7 Things Pastors Wish From Their Governmental Elders And Leaders


Joseph Mattera gives an in depth description of 7 ways leaders and elders can be an asset to the senior pastor.

I. Pastors wish the elders would be there to support them, not supplant them

  1. Elders can either function as Aaron and Hur in Exodus 17:12, who supported and held up Moses hands during battle, or as Aaron and Miriam in Numbers 12:1-10, who were judged by God for attempting to supplant Moses as the primary leader of Israel.

  2. Biblically, elders should be placed by the senior leader. Thus they can be replaced by the senior leader. (Numbers 11:17 says God told Moses to pick the elders, thus the elders could never bypass Moses by telling him that their leadership was between them and God!)
  3. Elders should have the spirit of an armor bearer, taking the darts for the pastor, not being the one uncovering or throwing the darts.

II. Pastors wish their elders understood the various stages of leadership transition in regards to their function

In small churches, the elders do all the hands-on ministry; in mid-sized churches, the elders help oversee various ministries; in larger, mature churches, the elders function mainly as advisors to the pastor. For more on this read Leadership Transitions for Growth by Michael Fletcher.

III. Pastors wish their Board of Elders would be spiritual people who help them hear from God

Although the senior pastor is the primary visionary God speaks to regarding the macro-direction of the church, mature and trusted elders can and should also hear from God regarding the steps and implementation of the macro-vision.

IV. Pastors desire their Board of Elders to be as committed to their local church in their hearts as they are

It’s not equal time but equal sacrifice that is needed. Lay elders cannot possibly spend as much time in the church office as a full-time pastor, but they should have just as much commitment to sacrificing their time, money, and talents for the vision of the house.

V. Pastors wish their Board of Elders would point to the vision and the visionary (senior pastor) rather than to themselves as church leaders

Insecure and/or egocentric elders often gather disciples after themselves (Acts 20:30) instead of pointing those they are shepherding to the visionary and mission of the house.

VI. Pastors wish their Board of Elders would lead the way in sacrificial giving

  1. Most successful non-profit organizations expect fund development and sacrificial giving to be a requirement for an individual to serve on their executive board.
  2. A church with elders who do not lead the way in sacrificial giving is a church that God cannot fully bless. The leaders lead the way and craft the atmosphere and culture of the local church.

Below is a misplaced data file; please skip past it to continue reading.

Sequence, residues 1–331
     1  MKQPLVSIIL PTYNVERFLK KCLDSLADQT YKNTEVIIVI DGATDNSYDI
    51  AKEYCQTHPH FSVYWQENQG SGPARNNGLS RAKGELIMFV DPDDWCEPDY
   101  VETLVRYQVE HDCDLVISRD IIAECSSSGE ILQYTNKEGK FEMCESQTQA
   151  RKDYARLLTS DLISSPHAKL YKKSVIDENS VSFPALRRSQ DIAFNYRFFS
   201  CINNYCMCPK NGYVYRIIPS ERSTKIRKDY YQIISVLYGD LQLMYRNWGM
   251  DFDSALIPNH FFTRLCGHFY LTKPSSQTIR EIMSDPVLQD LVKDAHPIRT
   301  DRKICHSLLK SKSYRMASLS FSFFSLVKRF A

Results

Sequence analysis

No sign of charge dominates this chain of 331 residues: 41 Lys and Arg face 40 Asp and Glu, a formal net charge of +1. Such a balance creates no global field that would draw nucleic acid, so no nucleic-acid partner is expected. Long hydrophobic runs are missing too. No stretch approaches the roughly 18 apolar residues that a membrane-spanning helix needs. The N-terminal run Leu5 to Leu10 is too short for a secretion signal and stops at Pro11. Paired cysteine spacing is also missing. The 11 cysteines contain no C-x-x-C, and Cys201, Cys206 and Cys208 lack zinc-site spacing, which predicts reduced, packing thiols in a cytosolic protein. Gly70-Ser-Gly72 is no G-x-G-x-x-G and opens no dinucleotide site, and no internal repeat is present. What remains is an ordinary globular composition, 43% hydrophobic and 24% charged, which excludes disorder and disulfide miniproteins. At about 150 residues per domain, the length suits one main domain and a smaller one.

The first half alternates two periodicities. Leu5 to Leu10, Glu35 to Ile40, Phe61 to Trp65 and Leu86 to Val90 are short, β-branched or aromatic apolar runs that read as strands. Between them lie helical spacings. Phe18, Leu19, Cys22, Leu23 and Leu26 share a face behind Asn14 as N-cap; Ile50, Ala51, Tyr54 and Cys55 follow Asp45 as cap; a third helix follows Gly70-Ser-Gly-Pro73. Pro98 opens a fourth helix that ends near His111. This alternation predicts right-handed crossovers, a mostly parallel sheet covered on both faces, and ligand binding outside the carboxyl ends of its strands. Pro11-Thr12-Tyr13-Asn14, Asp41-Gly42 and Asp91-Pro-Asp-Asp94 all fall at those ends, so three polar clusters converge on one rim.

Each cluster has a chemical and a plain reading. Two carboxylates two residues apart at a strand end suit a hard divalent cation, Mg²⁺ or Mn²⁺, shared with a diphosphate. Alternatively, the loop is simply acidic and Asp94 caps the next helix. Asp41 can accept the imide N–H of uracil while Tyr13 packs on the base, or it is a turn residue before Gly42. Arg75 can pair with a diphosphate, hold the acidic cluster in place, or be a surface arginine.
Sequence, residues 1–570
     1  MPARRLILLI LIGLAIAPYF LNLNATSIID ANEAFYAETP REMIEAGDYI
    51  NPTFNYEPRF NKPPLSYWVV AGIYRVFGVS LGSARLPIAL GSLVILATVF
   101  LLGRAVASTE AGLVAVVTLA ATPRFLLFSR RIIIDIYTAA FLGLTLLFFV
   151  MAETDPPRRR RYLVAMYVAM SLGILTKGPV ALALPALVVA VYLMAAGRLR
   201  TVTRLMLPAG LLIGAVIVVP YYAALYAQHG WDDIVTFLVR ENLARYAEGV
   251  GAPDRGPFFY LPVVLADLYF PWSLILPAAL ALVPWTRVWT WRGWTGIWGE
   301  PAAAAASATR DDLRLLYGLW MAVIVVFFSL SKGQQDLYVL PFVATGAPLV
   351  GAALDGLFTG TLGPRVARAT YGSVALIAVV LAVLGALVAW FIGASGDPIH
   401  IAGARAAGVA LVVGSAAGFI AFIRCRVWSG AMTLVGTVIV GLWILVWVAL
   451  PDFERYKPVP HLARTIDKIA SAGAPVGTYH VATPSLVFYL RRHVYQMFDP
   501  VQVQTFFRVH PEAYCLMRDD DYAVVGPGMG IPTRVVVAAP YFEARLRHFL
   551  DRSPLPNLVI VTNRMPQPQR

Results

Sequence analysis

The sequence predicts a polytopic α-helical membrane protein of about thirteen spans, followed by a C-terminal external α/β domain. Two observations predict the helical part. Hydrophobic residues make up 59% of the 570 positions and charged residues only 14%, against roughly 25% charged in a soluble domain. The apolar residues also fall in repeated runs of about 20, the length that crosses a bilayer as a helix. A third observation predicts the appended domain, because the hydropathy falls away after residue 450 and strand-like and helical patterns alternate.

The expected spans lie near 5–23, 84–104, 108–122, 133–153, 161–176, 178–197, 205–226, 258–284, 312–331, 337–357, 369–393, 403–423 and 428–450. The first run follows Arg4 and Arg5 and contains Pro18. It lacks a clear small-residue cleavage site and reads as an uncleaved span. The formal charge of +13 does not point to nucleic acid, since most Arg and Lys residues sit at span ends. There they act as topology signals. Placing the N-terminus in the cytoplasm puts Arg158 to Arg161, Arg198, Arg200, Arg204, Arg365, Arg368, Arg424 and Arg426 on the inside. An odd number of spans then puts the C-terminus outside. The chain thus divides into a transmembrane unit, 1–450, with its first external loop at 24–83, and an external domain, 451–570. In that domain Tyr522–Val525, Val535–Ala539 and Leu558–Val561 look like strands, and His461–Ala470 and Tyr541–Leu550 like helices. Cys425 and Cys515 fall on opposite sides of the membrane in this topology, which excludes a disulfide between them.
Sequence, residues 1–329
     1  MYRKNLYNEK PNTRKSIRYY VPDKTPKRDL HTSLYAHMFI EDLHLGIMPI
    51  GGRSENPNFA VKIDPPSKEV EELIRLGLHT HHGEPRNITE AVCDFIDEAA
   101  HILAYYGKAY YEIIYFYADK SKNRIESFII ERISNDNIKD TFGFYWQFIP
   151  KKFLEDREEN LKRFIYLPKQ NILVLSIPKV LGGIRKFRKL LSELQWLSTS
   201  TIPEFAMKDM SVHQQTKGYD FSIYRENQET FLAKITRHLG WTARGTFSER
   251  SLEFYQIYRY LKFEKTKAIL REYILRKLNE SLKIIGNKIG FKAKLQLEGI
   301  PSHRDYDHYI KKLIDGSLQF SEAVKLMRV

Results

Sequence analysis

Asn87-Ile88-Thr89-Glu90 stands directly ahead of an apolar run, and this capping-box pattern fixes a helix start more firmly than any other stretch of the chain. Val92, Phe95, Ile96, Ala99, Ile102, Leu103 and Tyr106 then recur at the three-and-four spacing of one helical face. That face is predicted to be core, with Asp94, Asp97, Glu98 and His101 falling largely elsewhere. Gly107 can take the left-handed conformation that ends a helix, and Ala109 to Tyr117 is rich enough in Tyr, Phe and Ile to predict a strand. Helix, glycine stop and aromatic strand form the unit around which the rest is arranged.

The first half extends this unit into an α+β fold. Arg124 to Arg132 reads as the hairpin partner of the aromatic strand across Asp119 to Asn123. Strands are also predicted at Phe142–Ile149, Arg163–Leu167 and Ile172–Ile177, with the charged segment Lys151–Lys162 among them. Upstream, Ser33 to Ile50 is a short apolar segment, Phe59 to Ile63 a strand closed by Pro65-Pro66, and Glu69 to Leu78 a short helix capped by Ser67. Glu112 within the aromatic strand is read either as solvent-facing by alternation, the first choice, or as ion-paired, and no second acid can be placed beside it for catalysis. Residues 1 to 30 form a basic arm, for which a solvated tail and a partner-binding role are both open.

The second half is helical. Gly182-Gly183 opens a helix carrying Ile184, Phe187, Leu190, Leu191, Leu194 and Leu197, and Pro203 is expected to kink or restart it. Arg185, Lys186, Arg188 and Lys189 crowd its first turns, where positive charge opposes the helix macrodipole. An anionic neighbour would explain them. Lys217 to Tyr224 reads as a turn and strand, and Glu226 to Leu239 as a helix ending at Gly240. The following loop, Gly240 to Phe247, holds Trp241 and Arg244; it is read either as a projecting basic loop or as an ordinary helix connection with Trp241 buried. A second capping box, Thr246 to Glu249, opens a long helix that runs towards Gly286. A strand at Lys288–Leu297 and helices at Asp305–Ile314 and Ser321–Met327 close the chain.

3. I regularly check the tithe records of all my leaders and hold those accountable who lapse in giving. Those not faithfully giving their tithes and sacrificially supporting our vision know I will remove them from leadership if they don’t repent.

VII. Pastors wish their Board of Elders (or Board of Trustees) would lead the way in monetarily blessing them with a great compensation package and for special Pastor’s Appreciation days

  1. Many pastors and spouses work themselves to the bone without being adequately compensated. The governing board should never wait until the pastor requests a raise; it should be initiated annually or whenever possible.
  2. Sometimes elder boards and pastors are ignorant and need an outside voice to come in and bring proper balance, order, and protocol.
  3. If a church is unable to properly compensate their pastor in the beginning stages of the church, or during certain seasons, then the elder board can work with a compensation committee to properly evaluate the years the pastor and spouse have served in the church commensurate to what they should have been paid. Then they can be offered a compensation package that makes up for the years of monetary lack.
  4. I have observed numerous pastors who had to keep on ministering when they should have given up the leadership of the church to a younger person, but they couldn’t because of monetary challenges. Church finances should be set up so the founding pastor and spouse receives regular support even after they transition out of leadership.
  5. I have observed numerous pastors who have little or nothing for retirement and are living day-to-day on a shoestring budget in their late 60’s and beyond. This is disgraceful and should never be! Elder boards should make sure the senior pastors and their family has a full compensation package including long-term health care benefits and a great retirement package!
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